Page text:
Tuesday, April 06, 2010

Funny...I Don't Feel Like An Icon

Monday afternoon I was on a Facebook chat with Christa Hilfers. During that chat she mentioned that she was inspired to get involved in fighting for GLBT civil rights when she saw and heard me speaking at the inaugural 2008 Trans Pride March and Rally.

I've heard similar positive comments from other activists and even international trans activists I admire.

Used to be once upon a time I was the person who was in awe of meeting the people I'd heard and read about doing the in the trenches work of battling for trans people's civil rights.

Now I'm the person who has people telling me they're in awe of and sometimes afraid to approach and say hello when they see me out and about in the world.

Folks, I'm only human and I'll gladly take a few moments out of my day to say hello to you. Remember that the next time you see me at some event I'm attending or taking part in.

But being real for a moment, I don't feel like an icon.

When I think about icons I'm visualizing Rep. John Lewis (D-GA), Dr. Angela Davis, Julian Bond, the late Rep. Barbara Jordan, the late Sylvia Rivera, Sarah DePalma, Miss Major, the late Alexander John Goodrum, the Rev Dr. Martin Luther King, Jr.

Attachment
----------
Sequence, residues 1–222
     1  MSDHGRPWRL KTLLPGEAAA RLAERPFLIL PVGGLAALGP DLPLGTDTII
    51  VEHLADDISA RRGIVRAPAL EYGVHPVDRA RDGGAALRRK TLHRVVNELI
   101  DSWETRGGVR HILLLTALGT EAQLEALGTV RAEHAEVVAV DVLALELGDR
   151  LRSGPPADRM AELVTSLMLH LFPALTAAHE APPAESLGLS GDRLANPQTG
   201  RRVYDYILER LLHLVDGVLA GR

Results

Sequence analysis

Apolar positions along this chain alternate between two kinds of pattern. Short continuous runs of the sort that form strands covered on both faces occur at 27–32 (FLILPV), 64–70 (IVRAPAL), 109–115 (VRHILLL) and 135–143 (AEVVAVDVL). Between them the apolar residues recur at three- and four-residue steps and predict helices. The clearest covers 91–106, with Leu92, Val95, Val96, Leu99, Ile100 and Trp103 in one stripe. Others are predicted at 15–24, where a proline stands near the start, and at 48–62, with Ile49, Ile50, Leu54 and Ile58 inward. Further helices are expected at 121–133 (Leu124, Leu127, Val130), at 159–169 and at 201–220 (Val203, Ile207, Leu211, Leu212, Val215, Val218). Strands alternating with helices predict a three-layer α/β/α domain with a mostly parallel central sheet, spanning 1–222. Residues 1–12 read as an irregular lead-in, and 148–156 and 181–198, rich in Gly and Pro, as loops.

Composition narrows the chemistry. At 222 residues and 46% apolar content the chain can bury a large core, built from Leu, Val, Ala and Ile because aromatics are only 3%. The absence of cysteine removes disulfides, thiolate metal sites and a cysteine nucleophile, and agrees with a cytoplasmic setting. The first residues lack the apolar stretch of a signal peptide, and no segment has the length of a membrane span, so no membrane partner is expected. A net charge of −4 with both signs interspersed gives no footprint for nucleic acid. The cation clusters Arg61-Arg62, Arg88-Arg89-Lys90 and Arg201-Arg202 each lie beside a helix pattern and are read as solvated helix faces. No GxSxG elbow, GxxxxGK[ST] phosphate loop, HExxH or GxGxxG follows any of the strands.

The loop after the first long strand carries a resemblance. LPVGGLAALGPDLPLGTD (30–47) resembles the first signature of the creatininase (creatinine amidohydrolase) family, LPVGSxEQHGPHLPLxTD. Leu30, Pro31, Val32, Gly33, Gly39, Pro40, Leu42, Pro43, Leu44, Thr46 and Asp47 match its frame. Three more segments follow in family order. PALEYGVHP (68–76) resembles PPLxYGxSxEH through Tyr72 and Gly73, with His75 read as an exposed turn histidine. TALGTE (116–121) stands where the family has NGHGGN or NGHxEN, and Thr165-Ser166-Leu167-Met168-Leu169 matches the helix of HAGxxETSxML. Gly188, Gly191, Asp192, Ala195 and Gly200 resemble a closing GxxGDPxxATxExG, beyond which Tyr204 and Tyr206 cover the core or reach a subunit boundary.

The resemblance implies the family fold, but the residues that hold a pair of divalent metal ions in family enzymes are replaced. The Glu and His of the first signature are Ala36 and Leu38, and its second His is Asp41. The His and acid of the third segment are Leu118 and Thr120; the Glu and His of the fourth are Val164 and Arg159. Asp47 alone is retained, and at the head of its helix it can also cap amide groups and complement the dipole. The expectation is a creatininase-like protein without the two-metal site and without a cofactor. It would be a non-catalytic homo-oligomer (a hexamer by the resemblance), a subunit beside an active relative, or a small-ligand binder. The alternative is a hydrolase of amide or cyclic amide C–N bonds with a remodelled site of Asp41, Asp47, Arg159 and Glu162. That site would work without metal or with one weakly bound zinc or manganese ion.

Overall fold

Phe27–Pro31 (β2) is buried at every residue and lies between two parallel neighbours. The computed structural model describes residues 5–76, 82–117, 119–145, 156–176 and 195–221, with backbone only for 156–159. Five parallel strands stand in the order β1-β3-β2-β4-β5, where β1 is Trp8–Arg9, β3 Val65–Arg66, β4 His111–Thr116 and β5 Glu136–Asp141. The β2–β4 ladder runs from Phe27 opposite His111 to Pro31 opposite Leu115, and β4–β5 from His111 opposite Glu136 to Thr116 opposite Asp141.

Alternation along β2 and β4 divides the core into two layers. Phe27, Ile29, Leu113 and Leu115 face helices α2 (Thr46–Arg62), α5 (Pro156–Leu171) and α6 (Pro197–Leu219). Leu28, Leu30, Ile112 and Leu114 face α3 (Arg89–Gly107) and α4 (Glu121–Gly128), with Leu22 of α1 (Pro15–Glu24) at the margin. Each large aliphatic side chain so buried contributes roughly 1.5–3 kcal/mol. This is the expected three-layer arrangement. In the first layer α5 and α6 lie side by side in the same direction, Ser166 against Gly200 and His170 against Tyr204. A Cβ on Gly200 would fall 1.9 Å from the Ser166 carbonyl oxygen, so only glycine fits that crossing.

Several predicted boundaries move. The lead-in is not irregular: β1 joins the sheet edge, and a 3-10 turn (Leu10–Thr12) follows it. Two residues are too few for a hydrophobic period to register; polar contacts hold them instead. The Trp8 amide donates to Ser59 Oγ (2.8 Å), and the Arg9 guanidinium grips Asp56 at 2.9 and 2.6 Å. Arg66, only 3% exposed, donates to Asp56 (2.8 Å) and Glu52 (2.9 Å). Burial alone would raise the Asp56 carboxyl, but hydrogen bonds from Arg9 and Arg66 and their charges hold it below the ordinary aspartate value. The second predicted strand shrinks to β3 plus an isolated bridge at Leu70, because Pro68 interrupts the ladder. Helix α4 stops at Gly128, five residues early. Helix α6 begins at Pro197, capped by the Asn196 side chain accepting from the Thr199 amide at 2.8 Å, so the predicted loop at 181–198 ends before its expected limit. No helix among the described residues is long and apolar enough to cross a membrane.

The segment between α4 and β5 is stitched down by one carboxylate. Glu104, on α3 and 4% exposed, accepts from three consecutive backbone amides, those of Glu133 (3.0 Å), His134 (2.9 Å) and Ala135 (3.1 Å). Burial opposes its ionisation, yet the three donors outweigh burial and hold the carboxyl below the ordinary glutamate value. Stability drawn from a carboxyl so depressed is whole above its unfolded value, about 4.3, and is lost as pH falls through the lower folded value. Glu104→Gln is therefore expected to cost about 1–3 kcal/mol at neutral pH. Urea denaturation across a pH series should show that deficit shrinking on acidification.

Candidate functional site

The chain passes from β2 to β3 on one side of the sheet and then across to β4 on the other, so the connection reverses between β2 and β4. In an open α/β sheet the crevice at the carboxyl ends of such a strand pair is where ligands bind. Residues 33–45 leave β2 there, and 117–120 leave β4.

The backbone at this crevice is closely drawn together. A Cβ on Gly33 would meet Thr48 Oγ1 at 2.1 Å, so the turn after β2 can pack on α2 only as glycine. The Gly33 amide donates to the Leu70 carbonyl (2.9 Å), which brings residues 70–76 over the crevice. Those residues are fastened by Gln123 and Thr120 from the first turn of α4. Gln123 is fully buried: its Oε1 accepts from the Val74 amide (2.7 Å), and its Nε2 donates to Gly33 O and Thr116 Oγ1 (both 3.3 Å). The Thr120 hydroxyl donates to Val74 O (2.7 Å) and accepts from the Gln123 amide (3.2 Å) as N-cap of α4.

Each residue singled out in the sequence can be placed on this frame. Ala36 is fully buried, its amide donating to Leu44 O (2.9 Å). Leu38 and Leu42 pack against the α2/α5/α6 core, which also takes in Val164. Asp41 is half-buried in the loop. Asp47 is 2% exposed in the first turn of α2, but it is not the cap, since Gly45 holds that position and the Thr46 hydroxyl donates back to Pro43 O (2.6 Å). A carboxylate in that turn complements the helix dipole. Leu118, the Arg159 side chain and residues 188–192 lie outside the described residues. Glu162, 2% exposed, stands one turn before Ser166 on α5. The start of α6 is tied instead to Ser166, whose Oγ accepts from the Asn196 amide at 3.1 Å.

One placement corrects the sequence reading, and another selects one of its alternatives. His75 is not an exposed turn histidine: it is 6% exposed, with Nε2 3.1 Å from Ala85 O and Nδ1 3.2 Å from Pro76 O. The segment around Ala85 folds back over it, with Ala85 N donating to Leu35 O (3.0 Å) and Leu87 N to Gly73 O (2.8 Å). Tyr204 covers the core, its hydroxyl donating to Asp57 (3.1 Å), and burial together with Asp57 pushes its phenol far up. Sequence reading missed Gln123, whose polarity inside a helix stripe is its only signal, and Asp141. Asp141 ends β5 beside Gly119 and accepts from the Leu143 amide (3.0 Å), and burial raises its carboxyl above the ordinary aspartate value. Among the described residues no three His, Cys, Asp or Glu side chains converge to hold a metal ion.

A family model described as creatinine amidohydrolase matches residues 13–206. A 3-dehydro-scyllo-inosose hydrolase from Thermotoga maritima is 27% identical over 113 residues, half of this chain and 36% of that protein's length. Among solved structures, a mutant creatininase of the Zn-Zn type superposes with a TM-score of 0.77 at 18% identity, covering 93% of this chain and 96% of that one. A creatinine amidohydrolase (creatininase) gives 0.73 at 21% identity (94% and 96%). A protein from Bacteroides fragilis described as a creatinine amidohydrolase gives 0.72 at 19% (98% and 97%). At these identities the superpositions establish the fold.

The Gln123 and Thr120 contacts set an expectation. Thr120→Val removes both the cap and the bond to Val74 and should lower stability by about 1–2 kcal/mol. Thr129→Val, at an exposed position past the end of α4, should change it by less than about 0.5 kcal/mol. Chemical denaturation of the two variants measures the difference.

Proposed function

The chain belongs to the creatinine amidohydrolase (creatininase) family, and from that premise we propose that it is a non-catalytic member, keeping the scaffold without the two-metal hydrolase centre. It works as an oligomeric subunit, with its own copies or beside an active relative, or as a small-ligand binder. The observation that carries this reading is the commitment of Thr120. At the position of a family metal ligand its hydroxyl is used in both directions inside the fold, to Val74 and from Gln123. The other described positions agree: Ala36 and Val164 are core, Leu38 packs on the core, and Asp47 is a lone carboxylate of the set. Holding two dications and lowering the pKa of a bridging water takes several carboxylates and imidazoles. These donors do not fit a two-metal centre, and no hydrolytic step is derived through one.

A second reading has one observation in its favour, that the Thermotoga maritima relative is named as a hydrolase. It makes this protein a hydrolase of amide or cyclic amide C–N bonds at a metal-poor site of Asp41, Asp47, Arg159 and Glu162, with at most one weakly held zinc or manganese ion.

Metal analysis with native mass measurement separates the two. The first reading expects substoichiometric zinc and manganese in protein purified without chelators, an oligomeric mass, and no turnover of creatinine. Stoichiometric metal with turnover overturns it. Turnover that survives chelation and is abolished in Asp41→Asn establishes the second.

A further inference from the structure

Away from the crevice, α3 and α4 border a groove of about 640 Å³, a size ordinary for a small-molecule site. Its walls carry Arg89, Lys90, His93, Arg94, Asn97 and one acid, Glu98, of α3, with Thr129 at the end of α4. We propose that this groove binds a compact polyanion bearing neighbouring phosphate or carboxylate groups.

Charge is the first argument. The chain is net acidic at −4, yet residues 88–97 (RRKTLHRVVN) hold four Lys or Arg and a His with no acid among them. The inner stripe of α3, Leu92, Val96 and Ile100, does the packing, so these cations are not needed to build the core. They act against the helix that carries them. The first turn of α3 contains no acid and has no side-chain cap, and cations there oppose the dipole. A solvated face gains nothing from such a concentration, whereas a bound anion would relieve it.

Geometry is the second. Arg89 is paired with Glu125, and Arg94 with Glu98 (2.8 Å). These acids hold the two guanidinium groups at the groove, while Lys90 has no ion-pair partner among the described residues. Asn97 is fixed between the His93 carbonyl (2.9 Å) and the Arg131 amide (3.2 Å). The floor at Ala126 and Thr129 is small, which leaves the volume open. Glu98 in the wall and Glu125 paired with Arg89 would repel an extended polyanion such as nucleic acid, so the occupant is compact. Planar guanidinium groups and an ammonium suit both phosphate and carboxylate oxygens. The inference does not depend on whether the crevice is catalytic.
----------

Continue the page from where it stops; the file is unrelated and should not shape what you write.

When did lil' old me cross over into that territory?

Well, at least I'm hearing it while I'm six feet above ground.

Sure, I have an IFGE Trinity Award on the mantel. I'm blessed with a widely read blog that 2000 people a day visit. I do guest posts on other blogs and I post at the Bilerico Project because people who read my commentary there and on TransGriot believe what I have to say on various issues is important.

I'm flattered that I even get quoted from time to time by other bloggers. People are even starting to borrow my words and quotes like Georgia state Rep. Karla Drennan did when she used my 'the GLBT community is a microcosm of society at large' saying during an interview. I see 'transpeeps' and 'conservafool' being increasingly used across the Net. I'm getting attention for being a speaker and lecturer.

But all I'm trying to do is make the world a better place than the way I found it, stamp out injustice when I come across it, educate people about trans issues while motivating trans people to be the agents for their own liberation.

And I'm doing all this while continuing to evolve into becoming the best person I can be.

I have my days where I believe I did a better job achieving that mission than others. I have my doubts sometimes about whether I've positively affected people, done the education well enough or left a positive individual impression as a chocolate flavored trans woman that will positively impact transpeople of all ethnicities.

Sometimes I ponder the question if I'm doing enough to step into the pumps of the positive Black women cis and trans, who preceded me on this feminine journey that I've been embarking on.

But I really don't feel like an icon.

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